Telehealthcare is transforming the healthcare industry by leveraging technology to deliver medical services remotely. It’s a broad term encompassing various healthcare services provided through telecommunications and digital communication technologies.

Key Components of Telehealthcare

  • Telemedicine: Involves remote clinical services, such as consultations, diagnoses, and monitoring.
  • mHealth: Mobile health uses apps and wearable devices to track health metrics and provide health-related information.
  • Telehealth: A broader category that includes non-clinical services like education and training for healthcare professionals.

Advantages of Telehealthcare

  • Accessibility: Makes healthcare services available to people in remote or underserved areas.
  • Convenience: The ability to receive care without traveling saves time and resources.
  • Cost-Effectiveness: Reduces the need for physical infrastructure and can lower healthcare costs.

Challenges and Considerations

  • Regulatory Compliance: Ensuring privacy and security of patient data in accordance with regulations like HIPAA.
  • Technology Adoption: Overcoming barriers to technology adoption among both providers and patients.
  • Quality of Care: Maintaining the quality of care and ensuring that telehealth care complements traditional healthcare services.

The demand for telehealth care services in India has significantly increased, especially after the COVID-19 pandemic. Here are some key points highlighting the demand:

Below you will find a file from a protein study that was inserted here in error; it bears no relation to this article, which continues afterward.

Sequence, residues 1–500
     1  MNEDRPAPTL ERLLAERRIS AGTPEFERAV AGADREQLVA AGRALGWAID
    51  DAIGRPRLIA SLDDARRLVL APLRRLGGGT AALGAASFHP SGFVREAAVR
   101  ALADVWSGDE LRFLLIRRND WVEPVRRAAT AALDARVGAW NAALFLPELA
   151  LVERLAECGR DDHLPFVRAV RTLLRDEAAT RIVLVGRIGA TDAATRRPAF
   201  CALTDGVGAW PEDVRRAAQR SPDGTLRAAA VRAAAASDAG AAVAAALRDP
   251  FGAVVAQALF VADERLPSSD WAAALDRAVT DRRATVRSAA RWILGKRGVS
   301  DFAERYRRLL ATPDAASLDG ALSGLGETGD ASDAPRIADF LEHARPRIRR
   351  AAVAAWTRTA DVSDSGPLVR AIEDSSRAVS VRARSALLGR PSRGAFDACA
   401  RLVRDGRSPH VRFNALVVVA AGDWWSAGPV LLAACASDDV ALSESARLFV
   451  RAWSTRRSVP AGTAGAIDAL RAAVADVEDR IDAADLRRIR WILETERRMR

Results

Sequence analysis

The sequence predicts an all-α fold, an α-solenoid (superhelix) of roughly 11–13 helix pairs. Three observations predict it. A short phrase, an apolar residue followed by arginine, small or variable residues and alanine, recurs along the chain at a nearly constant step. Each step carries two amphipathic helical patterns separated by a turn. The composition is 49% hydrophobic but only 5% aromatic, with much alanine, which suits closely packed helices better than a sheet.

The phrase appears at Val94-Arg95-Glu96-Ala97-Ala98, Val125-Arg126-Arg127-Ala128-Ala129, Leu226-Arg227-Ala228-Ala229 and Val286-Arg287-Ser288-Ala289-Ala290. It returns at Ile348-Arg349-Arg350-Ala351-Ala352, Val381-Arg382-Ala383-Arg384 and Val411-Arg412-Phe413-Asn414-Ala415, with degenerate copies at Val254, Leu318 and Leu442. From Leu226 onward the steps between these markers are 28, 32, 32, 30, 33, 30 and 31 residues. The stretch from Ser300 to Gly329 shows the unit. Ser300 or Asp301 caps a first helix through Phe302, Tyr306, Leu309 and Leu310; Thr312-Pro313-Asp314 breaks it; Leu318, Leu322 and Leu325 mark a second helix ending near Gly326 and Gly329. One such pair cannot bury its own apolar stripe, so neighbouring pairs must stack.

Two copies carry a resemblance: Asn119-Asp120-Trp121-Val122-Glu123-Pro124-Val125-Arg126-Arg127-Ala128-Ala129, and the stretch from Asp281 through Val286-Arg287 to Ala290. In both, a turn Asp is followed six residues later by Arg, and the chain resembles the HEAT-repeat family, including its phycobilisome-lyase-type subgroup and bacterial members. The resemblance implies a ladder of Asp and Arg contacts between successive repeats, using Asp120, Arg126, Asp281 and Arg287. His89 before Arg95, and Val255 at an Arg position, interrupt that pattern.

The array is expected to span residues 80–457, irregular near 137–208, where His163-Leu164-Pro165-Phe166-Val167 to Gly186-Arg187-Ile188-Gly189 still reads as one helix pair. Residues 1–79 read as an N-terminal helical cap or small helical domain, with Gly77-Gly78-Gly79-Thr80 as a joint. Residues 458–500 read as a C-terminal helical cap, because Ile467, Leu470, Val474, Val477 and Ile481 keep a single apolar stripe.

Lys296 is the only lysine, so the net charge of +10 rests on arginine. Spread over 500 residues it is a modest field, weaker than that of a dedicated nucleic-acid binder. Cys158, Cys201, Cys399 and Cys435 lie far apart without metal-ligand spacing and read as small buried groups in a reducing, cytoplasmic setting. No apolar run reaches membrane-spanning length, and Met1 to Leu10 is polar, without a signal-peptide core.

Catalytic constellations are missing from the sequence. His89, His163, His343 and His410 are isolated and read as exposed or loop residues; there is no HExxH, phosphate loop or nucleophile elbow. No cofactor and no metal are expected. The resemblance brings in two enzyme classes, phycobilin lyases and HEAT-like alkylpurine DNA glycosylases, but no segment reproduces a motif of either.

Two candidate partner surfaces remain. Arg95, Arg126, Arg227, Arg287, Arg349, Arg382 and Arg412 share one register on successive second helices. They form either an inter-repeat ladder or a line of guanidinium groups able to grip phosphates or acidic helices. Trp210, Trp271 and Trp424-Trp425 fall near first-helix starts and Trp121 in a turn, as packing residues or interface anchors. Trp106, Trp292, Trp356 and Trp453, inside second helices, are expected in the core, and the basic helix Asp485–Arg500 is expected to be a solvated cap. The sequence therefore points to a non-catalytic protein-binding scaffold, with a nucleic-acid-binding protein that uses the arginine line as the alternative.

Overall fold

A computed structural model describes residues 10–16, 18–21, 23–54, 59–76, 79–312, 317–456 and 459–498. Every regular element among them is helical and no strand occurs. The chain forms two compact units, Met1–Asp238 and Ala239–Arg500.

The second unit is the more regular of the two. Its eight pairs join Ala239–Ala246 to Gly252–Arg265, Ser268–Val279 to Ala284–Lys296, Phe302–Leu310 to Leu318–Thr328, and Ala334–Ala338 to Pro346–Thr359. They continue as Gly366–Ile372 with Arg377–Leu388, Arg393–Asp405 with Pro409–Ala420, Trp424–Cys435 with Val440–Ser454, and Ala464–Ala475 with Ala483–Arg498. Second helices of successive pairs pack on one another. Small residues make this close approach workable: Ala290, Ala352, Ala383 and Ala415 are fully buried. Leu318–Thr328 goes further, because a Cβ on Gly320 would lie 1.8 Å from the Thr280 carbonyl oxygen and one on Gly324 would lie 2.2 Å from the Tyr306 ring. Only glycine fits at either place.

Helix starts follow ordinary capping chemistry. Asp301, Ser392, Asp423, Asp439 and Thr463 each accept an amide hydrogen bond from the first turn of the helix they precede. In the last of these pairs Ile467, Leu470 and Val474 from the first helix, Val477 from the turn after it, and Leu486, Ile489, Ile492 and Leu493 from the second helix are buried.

• Rapid Market Growth: India’s telehealth market was valued at USD 13.15 billion in FY2021 and is expected to grow at a CAGR of 22.31%.
  • Consumer Adoption: A study found that 64% of consumers were keen to adopt teleconsultation even after the pandemic, indicating a strong preference for remote healthcare services.
  • Projected Expansion: The global telemedicine market, which includes India, is projected to grow from USD 79.79 billion in 2020 to USD 396.76 billion in 2027 at a CAGR of 25.8%.

The Other Side of the Coin
While the government is trying its best to make healthcare better and affordable, most schemes revolve around catering to people who can not afford healthcare. For example, the Ayushman Bharat Yojana is for people whose family income is below ₹5 lakh.

This means the average middle-class can’t avail of these benefits as an average Indian household earns ₹9.65 lakh annually. This might seem like discrimination, but it is not, as the middle class can easily afford health insurance. Yet, as of FY2023, only 52 million people have individual health insurance, just 4% of the population.